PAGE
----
The SEARCH HISTORY files are the same way. On the very first run, you must add an empty file to both the folder “search history” (which may be found in the repository). When establishing the last search variable on line 116 of the script above, we’re looking for the most recent file in the search history folder. As a result, you must additionally put your own directory here. Simply change the text with the name of the folder where you’ll be working on this project (in my case, “Amazon Scraper“).

Price Alert

Price Alert

Line 97 of the script above contains a section that you may use to send an email with an alert if the price falls below your limit. The reason it’s inside a try command is that we don’t always get a real price from the product page, so the logical comparison would fail – for example, if the product was unavailable.

Setting up a Scheduled Task for Running Script

Setting up an automated task for executing small scripts.

1. You will initiate it by opening “Task Scheduler”. Then select “Create Task” and pick up the “triggers” tab.

screenshot

2. Next, you will need to move to the actions tab. Here, you will need to add an action and pick your Python folder location for “Program/script” box.

3. In the arguments box, you will need to type the name of our file with function

4. We will tell the system to start the command in the folder where our file Amazon_Scraper.py is.

screenshot

After running this script, the task is ready to run.

For any queries related to scraping Amazon stores for generating price alerts, contact 3i Data Scraping.

, ”).replace(‘,’, ”).strip())
except:
price = ”

try:
review_score = float(soup.select(‘i[class*=”a-icon a-icon-star a-star-“]’)[0].get_text().split(‘ ‘)[0].replace(“,”, “.”))
review_count = int(soup.select(‘#acrCustomerReviewText’)[0].get_text().split(‘ ‘)[0].replace(“.”, “”))
except:
# sometimes review_score is in a different position… had to add this alternative with another try statement
try:
review_score = float(soup.select(‘i[class*=”a-icon a-icon-star a-star-“]’)[1].get_text().split(‘ ‘)[0].replace(“,”, “.”))
review_count = int(soup.select(‘#acrCustomerReviewText’)[0].get_text().split(‘ ‘)[0].replace(“.”, “”))
except:
review_score = ”
review_count = ”

# checking if there is “Out of stock”
try:
soup.select(‘#availability .a-color-state’)[0].get_text().strip()
stock = ‘Out of Stock’
except:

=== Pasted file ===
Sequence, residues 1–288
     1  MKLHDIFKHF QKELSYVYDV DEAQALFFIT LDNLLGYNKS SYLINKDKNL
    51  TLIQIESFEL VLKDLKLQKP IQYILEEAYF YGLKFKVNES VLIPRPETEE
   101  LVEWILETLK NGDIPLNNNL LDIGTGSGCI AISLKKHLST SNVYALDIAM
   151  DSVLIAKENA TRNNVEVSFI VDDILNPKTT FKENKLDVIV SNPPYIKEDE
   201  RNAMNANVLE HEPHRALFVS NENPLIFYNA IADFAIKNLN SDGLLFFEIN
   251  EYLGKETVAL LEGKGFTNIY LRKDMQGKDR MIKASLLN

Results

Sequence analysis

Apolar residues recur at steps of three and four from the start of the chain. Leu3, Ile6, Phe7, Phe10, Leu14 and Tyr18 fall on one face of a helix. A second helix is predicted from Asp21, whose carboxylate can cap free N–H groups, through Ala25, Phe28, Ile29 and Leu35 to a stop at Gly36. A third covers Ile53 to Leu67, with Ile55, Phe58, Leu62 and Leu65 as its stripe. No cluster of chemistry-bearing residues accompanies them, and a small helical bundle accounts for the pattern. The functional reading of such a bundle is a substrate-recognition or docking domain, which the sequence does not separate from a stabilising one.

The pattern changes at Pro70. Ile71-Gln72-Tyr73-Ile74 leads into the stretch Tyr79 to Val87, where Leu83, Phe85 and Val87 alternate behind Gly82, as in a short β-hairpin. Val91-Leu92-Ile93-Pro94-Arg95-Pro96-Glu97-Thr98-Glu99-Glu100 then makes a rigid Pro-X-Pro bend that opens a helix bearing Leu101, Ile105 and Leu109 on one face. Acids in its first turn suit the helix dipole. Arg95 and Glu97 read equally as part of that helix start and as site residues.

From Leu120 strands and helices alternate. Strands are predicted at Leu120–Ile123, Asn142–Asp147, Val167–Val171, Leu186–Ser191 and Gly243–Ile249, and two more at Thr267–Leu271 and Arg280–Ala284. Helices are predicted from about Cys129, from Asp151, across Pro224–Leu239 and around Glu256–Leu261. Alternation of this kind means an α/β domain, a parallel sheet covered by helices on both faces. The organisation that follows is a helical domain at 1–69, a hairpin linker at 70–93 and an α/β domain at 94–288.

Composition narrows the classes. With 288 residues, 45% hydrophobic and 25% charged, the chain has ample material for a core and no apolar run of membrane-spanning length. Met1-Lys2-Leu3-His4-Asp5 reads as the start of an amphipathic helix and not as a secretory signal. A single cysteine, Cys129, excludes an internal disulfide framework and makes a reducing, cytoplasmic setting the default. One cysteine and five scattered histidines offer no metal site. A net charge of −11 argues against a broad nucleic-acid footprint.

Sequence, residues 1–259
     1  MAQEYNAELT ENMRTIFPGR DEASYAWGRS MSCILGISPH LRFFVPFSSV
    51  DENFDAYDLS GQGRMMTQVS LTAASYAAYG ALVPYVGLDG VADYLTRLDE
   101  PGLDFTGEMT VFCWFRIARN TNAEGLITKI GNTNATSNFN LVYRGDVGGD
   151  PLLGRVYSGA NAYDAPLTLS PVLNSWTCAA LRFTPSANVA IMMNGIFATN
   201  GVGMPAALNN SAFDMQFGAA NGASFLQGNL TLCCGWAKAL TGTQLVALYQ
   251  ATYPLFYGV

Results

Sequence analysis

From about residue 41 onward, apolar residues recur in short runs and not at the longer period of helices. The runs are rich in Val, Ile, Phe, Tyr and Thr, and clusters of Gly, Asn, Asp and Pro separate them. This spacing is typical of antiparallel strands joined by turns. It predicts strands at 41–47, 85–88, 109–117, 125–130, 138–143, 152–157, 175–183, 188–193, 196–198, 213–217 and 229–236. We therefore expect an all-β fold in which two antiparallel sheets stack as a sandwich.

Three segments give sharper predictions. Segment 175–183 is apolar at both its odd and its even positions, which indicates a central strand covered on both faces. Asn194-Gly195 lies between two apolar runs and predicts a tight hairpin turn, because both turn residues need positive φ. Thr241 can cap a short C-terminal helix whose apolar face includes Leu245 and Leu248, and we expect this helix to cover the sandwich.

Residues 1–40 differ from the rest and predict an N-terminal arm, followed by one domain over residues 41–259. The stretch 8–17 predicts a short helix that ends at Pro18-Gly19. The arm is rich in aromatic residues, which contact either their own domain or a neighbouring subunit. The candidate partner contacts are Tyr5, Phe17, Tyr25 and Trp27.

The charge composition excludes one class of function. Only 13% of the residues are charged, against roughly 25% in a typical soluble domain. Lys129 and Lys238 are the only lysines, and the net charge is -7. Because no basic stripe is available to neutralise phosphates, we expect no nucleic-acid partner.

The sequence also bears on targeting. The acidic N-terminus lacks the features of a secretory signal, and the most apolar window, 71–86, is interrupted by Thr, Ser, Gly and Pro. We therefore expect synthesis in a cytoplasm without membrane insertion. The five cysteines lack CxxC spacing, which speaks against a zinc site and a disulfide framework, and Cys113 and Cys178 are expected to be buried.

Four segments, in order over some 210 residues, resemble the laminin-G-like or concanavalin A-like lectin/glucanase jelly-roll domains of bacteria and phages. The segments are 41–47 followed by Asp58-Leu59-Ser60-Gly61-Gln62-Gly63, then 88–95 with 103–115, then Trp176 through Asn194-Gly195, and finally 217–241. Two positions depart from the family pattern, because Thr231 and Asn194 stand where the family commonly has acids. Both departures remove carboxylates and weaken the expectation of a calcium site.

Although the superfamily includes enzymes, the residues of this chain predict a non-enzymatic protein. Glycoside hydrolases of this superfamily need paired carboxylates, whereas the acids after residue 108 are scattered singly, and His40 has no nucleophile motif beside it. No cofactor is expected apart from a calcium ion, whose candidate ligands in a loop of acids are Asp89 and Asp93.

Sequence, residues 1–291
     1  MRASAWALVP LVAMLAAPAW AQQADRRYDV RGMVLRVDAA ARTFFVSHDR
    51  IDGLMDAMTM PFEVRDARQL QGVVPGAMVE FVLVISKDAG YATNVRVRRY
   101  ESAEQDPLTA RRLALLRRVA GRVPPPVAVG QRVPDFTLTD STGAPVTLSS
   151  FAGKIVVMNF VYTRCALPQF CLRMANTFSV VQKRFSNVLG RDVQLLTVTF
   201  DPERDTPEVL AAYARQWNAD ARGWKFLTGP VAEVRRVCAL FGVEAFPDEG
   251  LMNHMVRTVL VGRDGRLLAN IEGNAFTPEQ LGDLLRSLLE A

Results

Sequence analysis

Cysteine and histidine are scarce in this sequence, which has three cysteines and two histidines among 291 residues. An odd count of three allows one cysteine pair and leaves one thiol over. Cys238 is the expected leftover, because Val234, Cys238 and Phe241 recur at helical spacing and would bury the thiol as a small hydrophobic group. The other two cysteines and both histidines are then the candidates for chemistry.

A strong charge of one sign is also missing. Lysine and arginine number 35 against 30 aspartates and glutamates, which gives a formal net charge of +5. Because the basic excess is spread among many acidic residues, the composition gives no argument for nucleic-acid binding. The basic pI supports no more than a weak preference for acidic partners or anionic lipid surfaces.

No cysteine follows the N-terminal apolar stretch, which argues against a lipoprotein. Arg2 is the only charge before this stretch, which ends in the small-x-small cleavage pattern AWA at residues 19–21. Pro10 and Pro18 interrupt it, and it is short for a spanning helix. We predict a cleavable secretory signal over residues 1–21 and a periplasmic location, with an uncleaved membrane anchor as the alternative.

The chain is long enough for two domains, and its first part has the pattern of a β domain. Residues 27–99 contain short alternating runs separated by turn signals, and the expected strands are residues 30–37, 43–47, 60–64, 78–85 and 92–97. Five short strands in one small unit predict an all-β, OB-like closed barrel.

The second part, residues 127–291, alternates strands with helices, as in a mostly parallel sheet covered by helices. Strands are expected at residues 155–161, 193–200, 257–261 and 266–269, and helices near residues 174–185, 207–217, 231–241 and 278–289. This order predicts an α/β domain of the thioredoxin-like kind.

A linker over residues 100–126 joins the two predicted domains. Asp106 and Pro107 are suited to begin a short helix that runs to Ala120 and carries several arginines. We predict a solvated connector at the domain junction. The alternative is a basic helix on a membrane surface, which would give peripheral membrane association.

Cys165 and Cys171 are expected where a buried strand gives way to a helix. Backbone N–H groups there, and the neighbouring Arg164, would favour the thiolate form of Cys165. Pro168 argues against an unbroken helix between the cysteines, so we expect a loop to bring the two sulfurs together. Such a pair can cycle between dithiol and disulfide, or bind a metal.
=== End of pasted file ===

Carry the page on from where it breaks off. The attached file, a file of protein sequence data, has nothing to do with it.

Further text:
# checking if there is “Out of stock” on a second possible position
try:
soup.select(‘#availability .a-color-price’)[0].get_text().strip()
stock = ‘Out of Stock’
except:
# if there is any error in the previous try statements, it means the product is available
stock = ‘Available’

log = pd.DataFrame({‘date’: now.replace(‘h’,’:’).replace(‘m’,”),
‘code’: prod_tracker.code[x], # this code comes from the TRACKER_PRODUCTS file
‘url’: url,
‘title’: title,
‘buy_below’: prod_tracker.buy_below[x], # this price comes from the TRACKER_PRODUCTS file
‘price’: price,
‘stock’: stock,
‘review_score’: review_score,
‘review_count’: review_count}, index=[x])

try:
# This is where you can integrate an email alert!
if price < prod_tracker.buy_below[x]:
print(‘************************ ALERT! Buy the ‘+prod_tracker.code[x]+’ ************************’)

except:
# sometimes we don’t get any price, so there will be an error in the if condition above
pass

tracker_log = tracker_log.append(log)
print(‘appended ‘+ prod_tracker.code[x] +’\n’ + title + ‘\n\n’)
sleep(5)

interval += 1# counter update

sleep(interval_hours*1*1)
print(‘end of interval ‘+ str(interval))

# after the run, checks last search history record, and appends this run results to it, saving a new file
last_search = glob(‘[REPLACE WITH YOUR OWN PATH -> C:/Amazon Webscraper/search_history/*.xlsx’)[-1] # path to file in the folder
search_hist = pd.read_excel(last_search)
final_df = search_hist.append(tracker_log, sort=False)

final_df.to_excel(‘search_history/SEARCH_HISTORY_{}.xlsx’.format(now), index=False)
print(‘end of search’)

Tracker Products

Tracker Products

Observations on the file TRACKER_PRODUCTS.csv It’s a simple file only with three columns (“link,” “code,” and “buy below”). That’s where you’ll enter the product URLs you’d like to track.

You may even put this file in a synced Dropbox folder (and then update the script with the updated file URLs) so that you really can update it from your phone at any time. If you execute the script on a server or on your personal laptop at home, it will pick up that new product link from the file in its next run.

Search History

Search History

The SEARCH HISTORY files are the same way. On the very first run, you must add an empty file to both the folder “search history” (which may be found in the repository). When establishing the last search variable on line 116 of the script above, we’re looking for the most recent file in the search history folder. As a result, you must additionally put your own directory here. Simply change the text with the name of the folder where you’ll be working on this project (in my case, “Amazon Scraper“).

Price Alert

Price Alert

Line 97 of the script above contains a section that you may use to send an email with an alert if the price falls below your limit. The reason it’s inside a try command is that we don’t always get a real price from the product page, so the logical comparison would fail – for example, if the product was unavailable.

Setting up a Scheduled Task for Running Script

Setting up an automated task for executing small scripts.

1. You will initiate it by opening “Task Scheduler”. Then select “Create Task” and pick up the “triggers” tab.

screenshot

2. Next, you will need to move to the actions tab. Here, you will need to add an action and pick your Python folder location for “Program/script” box.

3. In the arguments box, you will need to type the name of our file with function

4. We will tell the system to start the command in the folder where our file Amazon_Scraper.py is.

screenshot

After running this script, the task is ready to run.

For any queries related to scraping Amazon stores for generating price alerts, contact 3i Data Scraping.